Frankenstein Mock Trial at San Diego Comic Fest

Call for Law Students!

Would Frankenstein’s Monster be legally competent to stand trial for the death of Little Maria in the 1931 Universal Classic Frankenstein? Should the Monster be held to the standard for an adult or a child?

San Diego Comic Fest is celebrating the bicentennial of Mary Shelley’s Frankenstein over the weekend of April 20-22, 2018 at the Town and Country Resort and Convention Center. The Creature has the honor of being one of the first pop culture references in a court opinion, by Chief Justice William Pryor, of the Court of Appeals of Kentucky, in the 1896 case Todd v. Dunlap.

People v. Frankenstein’s Monster and Dr. Henry Frankenstein  

We are seeking law students to argue a two-part motion hearing. In the 1931 film, the Creature befriended a young girl named Maria. Both Maria and the Creature tossed flowers in a lake to watch them float. The Creature tossed Maria in the water, thinking the girl would float like one of the flowers. To the Creature’s horror, Maria drowned.

Is the Creature Legally Competent to Stand Trial? 

The Creature is charged with the murder of Little Maria. Does the Creature legally have the mental capacity of a child? Or should the Creature be held to the standards of an adult? Attorneys for the Creature will bring a motion that the Creature is not legally competent to stand trial as a minor, because the Creature lacks sufficient present ability to consult with counsel and assist in preparing his defense with a reasonable degree of rational understanding under Cal. Welf. & Inst. Code § 709(a). The Prosecution opposes, challenging the application of the standard for minors, as the Creature is nearly seven feet tall with the body of an adult. The Prosecution will argue the Creature is a competent adult with competency needing to be based upon the requirements and procedures outlined in Cal. Penal Code § 1367.

Is Dr. Frankenstein Criminally Responsible for the Creature’s Actions? 

The state will charge Dr. Henry Frankenstein with contributing to the delinquency of the Creature under Cal. Penal Code § 272, due to his failure as the Monster’s legal guardian to exercise reasonable care, supervision, protection, and control over the Creature, resulting in the deaths of Little Maria, Fritz, and Dr. Waldman. Dr. Frankenstein is also charged with Murder in the Second Degree pursuant to Cal. Penal Code § 187.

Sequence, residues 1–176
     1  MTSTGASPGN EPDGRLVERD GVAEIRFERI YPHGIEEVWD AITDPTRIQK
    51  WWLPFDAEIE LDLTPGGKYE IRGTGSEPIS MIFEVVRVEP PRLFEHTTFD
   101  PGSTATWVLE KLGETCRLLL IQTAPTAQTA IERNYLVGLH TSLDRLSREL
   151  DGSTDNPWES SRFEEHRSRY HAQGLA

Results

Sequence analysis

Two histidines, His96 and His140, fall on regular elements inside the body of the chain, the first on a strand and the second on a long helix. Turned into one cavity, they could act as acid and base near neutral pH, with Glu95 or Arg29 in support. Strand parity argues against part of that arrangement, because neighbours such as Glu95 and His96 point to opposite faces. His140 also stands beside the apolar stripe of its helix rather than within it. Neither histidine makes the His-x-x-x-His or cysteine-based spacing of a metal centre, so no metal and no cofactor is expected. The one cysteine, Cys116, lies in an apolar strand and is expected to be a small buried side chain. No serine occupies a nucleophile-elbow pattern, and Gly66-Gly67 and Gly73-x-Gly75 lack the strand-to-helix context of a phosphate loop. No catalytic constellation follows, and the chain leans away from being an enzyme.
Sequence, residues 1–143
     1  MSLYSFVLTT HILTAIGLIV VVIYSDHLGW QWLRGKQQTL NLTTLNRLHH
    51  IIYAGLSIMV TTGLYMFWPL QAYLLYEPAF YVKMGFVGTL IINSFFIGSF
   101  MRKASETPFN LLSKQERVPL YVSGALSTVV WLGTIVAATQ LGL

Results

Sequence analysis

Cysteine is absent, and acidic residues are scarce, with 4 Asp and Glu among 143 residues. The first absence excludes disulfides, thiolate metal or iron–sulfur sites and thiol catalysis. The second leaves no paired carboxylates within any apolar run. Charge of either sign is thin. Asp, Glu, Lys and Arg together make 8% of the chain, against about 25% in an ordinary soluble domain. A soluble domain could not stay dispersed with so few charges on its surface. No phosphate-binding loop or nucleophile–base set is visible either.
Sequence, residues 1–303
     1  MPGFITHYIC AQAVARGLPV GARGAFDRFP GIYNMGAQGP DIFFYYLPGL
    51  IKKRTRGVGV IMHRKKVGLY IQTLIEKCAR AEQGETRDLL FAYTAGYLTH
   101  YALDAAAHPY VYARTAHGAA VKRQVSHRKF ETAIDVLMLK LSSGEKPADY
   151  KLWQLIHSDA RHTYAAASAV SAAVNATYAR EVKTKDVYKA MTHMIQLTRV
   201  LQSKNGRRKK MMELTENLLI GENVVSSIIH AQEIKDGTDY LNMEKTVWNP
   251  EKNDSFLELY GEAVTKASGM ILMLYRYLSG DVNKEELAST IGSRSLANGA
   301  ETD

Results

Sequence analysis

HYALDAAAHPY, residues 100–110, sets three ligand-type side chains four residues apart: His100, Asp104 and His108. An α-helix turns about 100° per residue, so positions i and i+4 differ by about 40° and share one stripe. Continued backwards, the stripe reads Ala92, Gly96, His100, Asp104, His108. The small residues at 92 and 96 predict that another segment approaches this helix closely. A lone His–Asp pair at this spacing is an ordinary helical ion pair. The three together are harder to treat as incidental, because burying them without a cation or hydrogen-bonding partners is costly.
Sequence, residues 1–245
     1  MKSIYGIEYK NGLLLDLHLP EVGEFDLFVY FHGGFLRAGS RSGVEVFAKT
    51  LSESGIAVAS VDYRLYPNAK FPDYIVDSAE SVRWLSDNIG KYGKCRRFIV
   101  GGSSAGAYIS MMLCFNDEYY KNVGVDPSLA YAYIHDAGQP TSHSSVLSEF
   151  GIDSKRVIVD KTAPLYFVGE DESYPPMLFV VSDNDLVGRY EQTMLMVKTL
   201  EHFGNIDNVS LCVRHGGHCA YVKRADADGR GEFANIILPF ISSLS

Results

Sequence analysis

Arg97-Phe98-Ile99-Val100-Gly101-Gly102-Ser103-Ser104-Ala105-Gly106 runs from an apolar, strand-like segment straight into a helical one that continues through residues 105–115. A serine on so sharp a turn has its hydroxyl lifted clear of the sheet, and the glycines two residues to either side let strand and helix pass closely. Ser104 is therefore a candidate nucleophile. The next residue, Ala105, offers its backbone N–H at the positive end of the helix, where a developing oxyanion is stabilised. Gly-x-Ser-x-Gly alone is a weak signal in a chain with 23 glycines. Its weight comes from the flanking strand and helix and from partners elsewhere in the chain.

Attorneys for Dr. Frankenstein will bring a motion to set aside the indictment under Cal. Penal Code § 995, because the charge is not found, endorsed, and presented as prescribed under the California Penal Code, because the law does not speak to contributory delinquency for reanimated human remains. Cal. Penal Code § 272 applies to children and the Monster is not a child. Moreover, there is no probable cause for charging Dr. Frankenstein for the Monster’s actions resulting in Little Maria’s death. The Prosecution will oppose the motion and argue that Dr. Henry Frankenstein’s failure to exercise the reasonable care, supervision, protection, and control over the Monster, resulted in the deaths of three people.

Purpose of the Mock Trial 

The purpose of the mock hearings are to explore what it means to be human. Should the Creature be viewed as a “person,” with legal rights, or as something artificial, like a machine? If the Creature is a human being, what is his relationship to his original bodies and brain, or is he a completely new individual? Is Dr. Frankenstein the Creature’s “father” under the law, or a different legal relationship, like a creator of a product?

Law students will be able to prepare arguments, conduct the direct and cross-examination of expert witnesses, have attorney mentors, and argue their case before California Judge Carol Najera over whether Frankenstein’s Monster could stand trial for murder of Little Maria and Dr. Frankenstein’s criminal liability. Interested law students should apply below.